An internal memo from Dr. Deborah Birx that circulated among top officials in President Trump’s administration pokes holes in the his claim that the country is “rounding the corner” in the fight against the coronavirus and will soon have defeated it.
“We are entering the most concerning and most deadly phase of this pandemic … leading to increasing mortality,” Birx said Monday in a memo reported by The Washington Post. “This is not about lockdowns – It hasn’t been about lockdowns since March or April. It’s about an aggressive balanced approach that is not being implemented.”
Trump has repeatedly attempted to reassure voters that his administration is helping the country “round the corner” and suggested the virus would soon disappear with or without a vaccine for widespread use.
Birx, a leading member of the coronavirus task force led by Vice President Pence, has served as the nation’s top expert on COVID-19 data and appeared almost daily on television and during briefings with reporters during the pandemic’s early days.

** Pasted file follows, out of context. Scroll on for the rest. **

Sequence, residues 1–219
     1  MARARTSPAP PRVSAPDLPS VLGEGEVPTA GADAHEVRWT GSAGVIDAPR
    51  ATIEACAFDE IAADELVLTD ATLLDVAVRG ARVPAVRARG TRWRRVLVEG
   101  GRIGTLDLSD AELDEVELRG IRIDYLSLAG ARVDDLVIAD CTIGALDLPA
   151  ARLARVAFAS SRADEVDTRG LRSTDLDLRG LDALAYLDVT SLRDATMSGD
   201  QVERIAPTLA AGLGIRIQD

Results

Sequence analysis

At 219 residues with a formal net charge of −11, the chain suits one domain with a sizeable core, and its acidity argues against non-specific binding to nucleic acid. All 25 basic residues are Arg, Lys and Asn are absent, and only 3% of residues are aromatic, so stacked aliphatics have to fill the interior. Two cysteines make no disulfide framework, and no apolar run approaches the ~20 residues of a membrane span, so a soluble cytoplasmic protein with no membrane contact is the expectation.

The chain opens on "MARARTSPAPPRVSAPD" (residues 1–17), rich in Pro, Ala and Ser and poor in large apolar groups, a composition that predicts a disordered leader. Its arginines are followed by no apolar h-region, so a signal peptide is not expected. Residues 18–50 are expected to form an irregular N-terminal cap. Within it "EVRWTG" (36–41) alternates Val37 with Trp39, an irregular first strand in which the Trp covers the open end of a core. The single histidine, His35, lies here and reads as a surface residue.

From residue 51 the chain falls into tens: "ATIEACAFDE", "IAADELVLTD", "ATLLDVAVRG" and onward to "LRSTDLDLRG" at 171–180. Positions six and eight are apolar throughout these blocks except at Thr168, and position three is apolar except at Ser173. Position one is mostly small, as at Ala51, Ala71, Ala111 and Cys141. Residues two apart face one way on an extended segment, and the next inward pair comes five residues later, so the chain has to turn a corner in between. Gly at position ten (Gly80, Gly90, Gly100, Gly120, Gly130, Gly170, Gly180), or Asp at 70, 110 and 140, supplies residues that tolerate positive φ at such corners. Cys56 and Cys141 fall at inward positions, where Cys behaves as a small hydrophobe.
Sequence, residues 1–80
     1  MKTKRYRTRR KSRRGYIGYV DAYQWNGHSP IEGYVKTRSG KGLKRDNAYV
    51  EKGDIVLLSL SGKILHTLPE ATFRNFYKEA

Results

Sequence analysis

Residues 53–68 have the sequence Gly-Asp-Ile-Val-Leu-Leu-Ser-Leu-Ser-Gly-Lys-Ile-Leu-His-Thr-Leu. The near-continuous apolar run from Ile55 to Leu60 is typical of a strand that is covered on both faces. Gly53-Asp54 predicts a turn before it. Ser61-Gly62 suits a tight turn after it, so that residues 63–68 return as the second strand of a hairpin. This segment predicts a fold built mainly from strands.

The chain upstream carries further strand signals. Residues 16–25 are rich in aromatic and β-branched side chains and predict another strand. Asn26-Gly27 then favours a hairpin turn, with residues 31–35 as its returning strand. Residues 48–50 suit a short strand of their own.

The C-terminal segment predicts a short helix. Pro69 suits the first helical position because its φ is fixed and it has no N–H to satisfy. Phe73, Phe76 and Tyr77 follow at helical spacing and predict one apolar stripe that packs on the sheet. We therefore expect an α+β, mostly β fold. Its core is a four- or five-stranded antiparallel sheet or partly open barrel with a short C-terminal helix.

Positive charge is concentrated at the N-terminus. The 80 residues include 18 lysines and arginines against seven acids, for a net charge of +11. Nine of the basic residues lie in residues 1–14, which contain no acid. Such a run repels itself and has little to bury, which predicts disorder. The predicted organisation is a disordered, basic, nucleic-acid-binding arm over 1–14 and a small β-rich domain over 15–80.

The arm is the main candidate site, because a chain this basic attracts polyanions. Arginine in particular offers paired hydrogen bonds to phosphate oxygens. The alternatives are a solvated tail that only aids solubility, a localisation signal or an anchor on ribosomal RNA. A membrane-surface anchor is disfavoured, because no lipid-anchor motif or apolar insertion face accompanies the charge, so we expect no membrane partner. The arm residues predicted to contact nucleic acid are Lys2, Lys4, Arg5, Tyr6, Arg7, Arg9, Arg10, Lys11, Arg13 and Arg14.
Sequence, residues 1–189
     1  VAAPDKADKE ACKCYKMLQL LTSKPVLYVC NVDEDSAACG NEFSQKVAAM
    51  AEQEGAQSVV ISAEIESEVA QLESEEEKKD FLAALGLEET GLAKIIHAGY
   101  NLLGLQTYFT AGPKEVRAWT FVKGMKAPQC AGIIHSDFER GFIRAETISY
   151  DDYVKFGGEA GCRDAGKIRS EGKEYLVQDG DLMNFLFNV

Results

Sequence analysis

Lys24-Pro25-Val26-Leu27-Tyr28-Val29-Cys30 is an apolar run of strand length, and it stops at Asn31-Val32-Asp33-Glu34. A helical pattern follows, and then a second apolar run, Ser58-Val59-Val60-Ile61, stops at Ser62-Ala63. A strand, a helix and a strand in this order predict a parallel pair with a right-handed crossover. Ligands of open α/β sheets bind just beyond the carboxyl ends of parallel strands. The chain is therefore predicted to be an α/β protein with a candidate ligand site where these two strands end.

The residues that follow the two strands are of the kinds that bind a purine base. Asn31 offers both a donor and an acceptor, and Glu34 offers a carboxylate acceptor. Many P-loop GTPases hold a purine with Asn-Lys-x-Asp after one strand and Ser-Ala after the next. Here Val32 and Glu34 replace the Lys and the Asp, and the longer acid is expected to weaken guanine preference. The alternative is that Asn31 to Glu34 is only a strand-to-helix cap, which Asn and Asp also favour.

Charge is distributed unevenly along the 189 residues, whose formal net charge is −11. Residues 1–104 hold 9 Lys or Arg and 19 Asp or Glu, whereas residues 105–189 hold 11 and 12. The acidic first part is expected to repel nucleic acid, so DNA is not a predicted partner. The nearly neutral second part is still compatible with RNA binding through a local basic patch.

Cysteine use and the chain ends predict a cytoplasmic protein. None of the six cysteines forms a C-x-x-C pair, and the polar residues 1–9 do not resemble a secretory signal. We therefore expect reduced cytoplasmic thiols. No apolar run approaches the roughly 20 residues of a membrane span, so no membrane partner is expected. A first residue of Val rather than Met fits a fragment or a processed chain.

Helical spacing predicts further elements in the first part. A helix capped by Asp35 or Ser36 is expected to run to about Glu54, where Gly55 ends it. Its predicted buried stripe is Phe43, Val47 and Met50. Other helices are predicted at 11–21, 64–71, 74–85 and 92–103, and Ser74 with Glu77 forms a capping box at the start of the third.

A top administration official told The Post that Birx has become increasingly frustrated by what she has characterized as feeling “ignored” by White House officials as she and others have warned against a potentially deadly second and third wave of the virus this fall and winter.
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The Monday memo specifically referenced Trump’s recent campaign rallies, many of which have involved little social distancing and mask wearing by attendees.
Late on Sunday, Trump, who downplayed the dangers of the virus in the spring before contracting it himself last month, encouraged a crowd of supporters who chanted for him to “fire Fauci.”
Dr. Anthony Fauci is another leading member of the task force and a close colleague of Birx’s with whom Trump has publicly broken with.
“Don’t tell anybody, but let me wait until a little bit after the election,” Trump said of Fauci. “He’s a nice man, but he’s been wrong on a lot.”
Brix’s memo reportedly insists on a “much more aggressive action from messaging, to testing, to surging personnel around the country before the crisis point.”
For weeks, several states in the upper Midwest and rural south have reported spikes in coronavirus cases, in many cases a trend public health officials attribute to loosened lockdown regulations and smaller family gatherings ahead of the holiday season.
“This is about empowerment [sic] Americans with the knowledge and data for decision-making to prevent community spread and save lives,” the memo said.